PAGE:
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A Proper Drink by Robert Simonson, Ten Speed Press

Contributed by Florian Hardwig on Oct 17th, 2016. Artwork published in .
    SIMO_A Proper Drink.jpg
    Source: Ten Speed Press / Penguin Random House. License: All Rights Reserved.

    The Untold Story of How a Band of Bartenders Saved the Civilized Drinking World

    Penguin Random House:

    […] the first-ever book to tell the full, unflinching story of the contemporary craft cocktail revival. Award-winning writer Robert Simonson interviewed more than 200 key players from around the world, and the result is a rollicking (if slightly tipsy) story of the characters–bars, bartenders, patrons, and visionaries–who in the last 25 years have changed the course of modern drink-making. […]

    The main font use on the cover is not one of the many designed by the author’s cousin. Neither is it Dala Moa. This is the black weight of František Štorm’s St. Croce, a typeface “inspired by worn-out letterings on tombstones in the St. Croce basilica in Florence.” [Storm Type Foundry] Santa Croce was Ksenya Samarskaya’s pick for Typographica’s Favorite Typefaces of 2014. Cover designer Christopher Brand used it in all caps, paired with the (small cap) lowercase of Sackers Gothic.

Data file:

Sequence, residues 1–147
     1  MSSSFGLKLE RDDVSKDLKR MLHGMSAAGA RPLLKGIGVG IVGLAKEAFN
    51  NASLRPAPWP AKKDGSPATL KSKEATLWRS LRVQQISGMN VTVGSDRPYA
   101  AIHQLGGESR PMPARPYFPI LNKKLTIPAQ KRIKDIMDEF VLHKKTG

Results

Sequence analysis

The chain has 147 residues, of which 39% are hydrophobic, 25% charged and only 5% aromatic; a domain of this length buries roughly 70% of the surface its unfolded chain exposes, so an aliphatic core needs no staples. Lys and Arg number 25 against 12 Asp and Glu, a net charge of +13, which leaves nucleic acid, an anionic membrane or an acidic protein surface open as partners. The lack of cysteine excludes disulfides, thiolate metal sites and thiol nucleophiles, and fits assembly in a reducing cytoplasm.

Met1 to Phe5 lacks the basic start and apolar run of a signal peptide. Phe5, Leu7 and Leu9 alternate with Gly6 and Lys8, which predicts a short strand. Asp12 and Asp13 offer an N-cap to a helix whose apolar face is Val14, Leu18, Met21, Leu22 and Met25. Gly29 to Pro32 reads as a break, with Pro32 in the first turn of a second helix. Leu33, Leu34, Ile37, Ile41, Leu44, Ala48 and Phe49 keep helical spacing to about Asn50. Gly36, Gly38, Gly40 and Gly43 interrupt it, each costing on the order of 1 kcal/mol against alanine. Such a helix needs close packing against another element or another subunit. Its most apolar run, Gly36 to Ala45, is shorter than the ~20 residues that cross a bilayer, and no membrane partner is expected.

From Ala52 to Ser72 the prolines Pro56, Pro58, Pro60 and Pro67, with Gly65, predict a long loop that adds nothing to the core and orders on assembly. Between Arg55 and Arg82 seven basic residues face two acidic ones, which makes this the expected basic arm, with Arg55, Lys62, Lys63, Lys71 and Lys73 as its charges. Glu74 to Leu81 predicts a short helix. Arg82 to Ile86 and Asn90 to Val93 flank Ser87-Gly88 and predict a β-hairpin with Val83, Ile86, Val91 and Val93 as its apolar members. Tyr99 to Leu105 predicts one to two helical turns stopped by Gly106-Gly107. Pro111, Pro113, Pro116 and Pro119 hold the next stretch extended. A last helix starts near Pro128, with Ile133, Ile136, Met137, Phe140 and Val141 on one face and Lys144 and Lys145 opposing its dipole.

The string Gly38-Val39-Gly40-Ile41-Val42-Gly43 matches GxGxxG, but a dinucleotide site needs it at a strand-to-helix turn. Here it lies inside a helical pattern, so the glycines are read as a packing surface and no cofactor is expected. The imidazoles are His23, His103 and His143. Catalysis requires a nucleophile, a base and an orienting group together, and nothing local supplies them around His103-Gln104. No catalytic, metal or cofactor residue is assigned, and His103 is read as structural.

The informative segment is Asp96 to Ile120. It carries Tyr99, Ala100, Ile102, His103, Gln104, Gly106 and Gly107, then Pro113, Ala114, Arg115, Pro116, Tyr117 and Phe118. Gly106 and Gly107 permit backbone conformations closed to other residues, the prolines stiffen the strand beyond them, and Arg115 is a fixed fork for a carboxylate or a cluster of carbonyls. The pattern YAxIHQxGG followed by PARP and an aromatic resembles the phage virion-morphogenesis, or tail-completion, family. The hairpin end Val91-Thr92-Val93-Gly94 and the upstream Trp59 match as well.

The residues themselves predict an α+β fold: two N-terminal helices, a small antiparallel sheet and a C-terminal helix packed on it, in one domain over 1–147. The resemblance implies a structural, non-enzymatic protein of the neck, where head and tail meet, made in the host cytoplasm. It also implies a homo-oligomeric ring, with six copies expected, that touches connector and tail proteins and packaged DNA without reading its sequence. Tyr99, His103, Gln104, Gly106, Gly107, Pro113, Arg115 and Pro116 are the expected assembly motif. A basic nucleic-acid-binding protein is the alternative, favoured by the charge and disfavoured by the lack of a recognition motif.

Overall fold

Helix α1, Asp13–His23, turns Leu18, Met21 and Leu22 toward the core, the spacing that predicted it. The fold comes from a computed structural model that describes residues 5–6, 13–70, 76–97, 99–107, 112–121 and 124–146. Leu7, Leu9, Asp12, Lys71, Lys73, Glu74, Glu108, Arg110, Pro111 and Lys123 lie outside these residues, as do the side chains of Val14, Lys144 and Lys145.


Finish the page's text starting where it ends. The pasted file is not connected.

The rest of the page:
The interior was designed by Lizzie Allen, who also did the production. She combined Williams Caslon as main text face with Drescher Grotesk for chapter headings, lead-ins and ingredients, and perfected the mix with Caslon 224 Bold Italic for the cocktail names.

    Source: Lizzie Allen. License: All Rights Reserved.
    Source: Lizzie Allen. License: All Rights Reserved.


    • St. Croce
    • Sackers Gothic
    • Drescher Grotesk
    • Williams Caslon Text
    • ITC Caslon No. 224




    Artwork location

    2 Comments on “A Proper Drink by Robert Simonson, Ten Speed Press”

    1. Blythwood says:
      Nov 8th, 2016  1:22 am

      A really great set of choices all round.

    2. Blythwood says:
      Oct 31st, 2017  11:37 pm

      Incidentally as a comment, I’ve read a lot of material printed in WCT and while I’d call it pretty much perfect on paper (limited character set aside) its bold is not that bold and doesn’t instantly jump out at you (the way, say, Adobe Caslon’s or Bembo’s does). That could be why Allen decided to use Drescher Grotesk on the lead-ins to pump up the contrast.

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